Defense Date

2012

Document Type

Thesis

Degree Name

Master of Fine Arts

Department

Design

First Advisor

Camden Whitehead

Abstract

Cycling is a sport of opposites. The mechanisms that comprise a bicycle are beautifully simple and work in perfect harmony to produce a graceful and efficient means of transportation. Additionally, cycling is a rigorous form of full-body exercise that has a relatively low-impact on the body’s bones and joints. Most importantly cycling tears down boundaries, it forces the rider to notice his surroundings and be aware of those around him. Cycling builds community and allows for interactions, both between riders and between rider and place. Juxtaposed against the simplicity and elegance of the bicycle, is the complexity and corruption of the sport. In recent years, cycling has been marred by scandal, fraud, and greed. The sport, on an international scale, has shifted away from friendly competition and community building to racketeering and marketing. In contrast to the wealth associated with the sport, stands the fact that participation in cycling can be prohibitively expensive. In an effort to overcome this obstacle, organizations like the Richmond Cycling Corps (RCC) are attempting to grow the popularity of the sport by introducing it to Richmond’s underserved youth. The RCC is a non-profit organization whose chief goal is to increase exposure to the sport in an effort to promote the development of healthy lifestyle choices for Richmond’s youth. By doing so, the RCC strives to build stronger, more connected communities. Using the program and mission statement of the Richmond Cycling Corps as a starting point, this project seeks to develop a space that promotes emotional and physical growth using cycling as the method of delivery.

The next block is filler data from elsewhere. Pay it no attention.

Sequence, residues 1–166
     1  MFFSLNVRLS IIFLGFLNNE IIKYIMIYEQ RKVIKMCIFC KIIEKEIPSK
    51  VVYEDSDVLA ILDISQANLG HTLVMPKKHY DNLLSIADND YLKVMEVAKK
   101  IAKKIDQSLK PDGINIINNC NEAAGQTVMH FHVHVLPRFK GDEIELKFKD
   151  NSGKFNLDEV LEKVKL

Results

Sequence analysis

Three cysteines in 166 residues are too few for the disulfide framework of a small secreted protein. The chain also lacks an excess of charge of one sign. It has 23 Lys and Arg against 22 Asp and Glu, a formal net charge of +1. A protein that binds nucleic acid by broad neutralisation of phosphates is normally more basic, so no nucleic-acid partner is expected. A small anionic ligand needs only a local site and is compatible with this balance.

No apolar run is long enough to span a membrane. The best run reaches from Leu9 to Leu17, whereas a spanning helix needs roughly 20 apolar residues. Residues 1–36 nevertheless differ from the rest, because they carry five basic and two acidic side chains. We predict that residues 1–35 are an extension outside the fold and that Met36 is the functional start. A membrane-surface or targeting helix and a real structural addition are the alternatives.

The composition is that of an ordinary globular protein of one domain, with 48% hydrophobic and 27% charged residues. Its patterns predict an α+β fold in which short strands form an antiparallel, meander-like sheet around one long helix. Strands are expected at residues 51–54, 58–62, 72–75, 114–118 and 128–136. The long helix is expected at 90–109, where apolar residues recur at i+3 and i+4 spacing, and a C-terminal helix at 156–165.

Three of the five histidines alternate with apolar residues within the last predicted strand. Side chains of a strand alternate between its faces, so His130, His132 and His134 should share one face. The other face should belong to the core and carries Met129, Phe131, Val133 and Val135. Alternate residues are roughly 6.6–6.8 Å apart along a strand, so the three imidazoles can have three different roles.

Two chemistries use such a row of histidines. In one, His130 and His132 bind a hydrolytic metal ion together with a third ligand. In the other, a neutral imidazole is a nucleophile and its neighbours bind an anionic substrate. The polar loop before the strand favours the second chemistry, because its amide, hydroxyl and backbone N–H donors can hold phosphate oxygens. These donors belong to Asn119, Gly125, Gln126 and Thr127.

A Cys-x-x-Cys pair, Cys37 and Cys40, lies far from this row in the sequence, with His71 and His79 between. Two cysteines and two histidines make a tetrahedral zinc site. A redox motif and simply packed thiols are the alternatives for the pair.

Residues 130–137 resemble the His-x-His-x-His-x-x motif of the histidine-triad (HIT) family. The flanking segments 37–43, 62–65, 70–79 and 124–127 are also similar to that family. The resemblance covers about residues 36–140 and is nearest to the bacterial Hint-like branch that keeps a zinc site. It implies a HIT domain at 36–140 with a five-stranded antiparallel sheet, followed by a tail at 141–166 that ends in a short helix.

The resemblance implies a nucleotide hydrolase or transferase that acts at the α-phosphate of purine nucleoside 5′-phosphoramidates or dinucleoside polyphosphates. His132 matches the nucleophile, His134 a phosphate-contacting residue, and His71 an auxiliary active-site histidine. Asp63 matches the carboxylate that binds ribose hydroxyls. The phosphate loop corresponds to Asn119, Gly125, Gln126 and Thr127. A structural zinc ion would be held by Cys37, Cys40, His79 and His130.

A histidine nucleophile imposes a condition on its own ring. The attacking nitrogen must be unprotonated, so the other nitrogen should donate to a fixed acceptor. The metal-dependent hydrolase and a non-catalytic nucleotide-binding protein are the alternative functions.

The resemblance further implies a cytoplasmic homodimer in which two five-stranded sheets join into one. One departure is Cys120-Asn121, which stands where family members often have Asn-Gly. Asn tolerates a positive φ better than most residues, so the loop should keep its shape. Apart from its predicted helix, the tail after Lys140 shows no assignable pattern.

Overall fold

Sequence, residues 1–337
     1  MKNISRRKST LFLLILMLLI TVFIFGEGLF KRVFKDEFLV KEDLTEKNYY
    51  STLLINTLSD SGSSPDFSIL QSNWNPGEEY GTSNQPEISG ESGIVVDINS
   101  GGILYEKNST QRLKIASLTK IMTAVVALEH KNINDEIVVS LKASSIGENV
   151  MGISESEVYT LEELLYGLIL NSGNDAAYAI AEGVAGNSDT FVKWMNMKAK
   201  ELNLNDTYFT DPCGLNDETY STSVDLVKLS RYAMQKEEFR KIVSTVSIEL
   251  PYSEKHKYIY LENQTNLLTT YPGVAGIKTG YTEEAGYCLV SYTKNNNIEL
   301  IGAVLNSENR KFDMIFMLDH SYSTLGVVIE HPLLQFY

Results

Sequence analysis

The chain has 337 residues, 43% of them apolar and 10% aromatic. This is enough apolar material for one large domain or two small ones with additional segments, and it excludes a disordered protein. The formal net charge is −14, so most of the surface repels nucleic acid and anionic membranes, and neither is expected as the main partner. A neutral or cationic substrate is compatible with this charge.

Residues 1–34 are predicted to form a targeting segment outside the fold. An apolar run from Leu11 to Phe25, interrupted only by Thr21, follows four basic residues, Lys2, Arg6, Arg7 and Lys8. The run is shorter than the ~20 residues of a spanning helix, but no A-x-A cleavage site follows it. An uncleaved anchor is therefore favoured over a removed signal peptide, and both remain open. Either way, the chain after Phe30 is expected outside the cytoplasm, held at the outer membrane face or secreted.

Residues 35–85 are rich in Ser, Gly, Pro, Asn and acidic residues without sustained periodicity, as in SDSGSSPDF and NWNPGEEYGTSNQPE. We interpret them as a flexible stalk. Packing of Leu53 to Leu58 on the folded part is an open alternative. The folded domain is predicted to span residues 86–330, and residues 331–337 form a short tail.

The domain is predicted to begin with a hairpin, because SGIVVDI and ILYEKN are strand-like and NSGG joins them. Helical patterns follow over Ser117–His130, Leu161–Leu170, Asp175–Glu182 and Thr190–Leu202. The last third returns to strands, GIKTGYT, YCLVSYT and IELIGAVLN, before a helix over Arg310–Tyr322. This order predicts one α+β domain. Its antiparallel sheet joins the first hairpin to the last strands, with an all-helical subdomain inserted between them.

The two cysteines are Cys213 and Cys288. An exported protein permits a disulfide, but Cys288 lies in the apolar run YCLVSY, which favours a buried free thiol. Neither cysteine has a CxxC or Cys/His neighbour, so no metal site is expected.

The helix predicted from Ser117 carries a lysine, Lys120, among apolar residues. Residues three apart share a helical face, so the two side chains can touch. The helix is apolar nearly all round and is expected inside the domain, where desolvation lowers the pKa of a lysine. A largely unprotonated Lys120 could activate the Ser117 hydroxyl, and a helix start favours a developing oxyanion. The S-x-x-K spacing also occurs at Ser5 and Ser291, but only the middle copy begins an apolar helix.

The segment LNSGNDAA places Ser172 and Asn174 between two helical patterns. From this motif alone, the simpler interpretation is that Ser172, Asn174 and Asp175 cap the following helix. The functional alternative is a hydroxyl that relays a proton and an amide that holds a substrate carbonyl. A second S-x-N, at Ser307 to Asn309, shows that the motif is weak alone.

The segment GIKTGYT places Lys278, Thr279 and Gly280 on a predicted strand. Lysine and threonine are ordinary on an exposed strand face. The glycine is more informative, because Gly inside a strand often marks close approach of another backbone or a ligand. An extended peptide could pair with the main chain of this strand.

Rights

© The Author

Is Part Of

VCU University Archives

Is Part Of

VCU Theses and Dissertations

Date of Submission

May 2012

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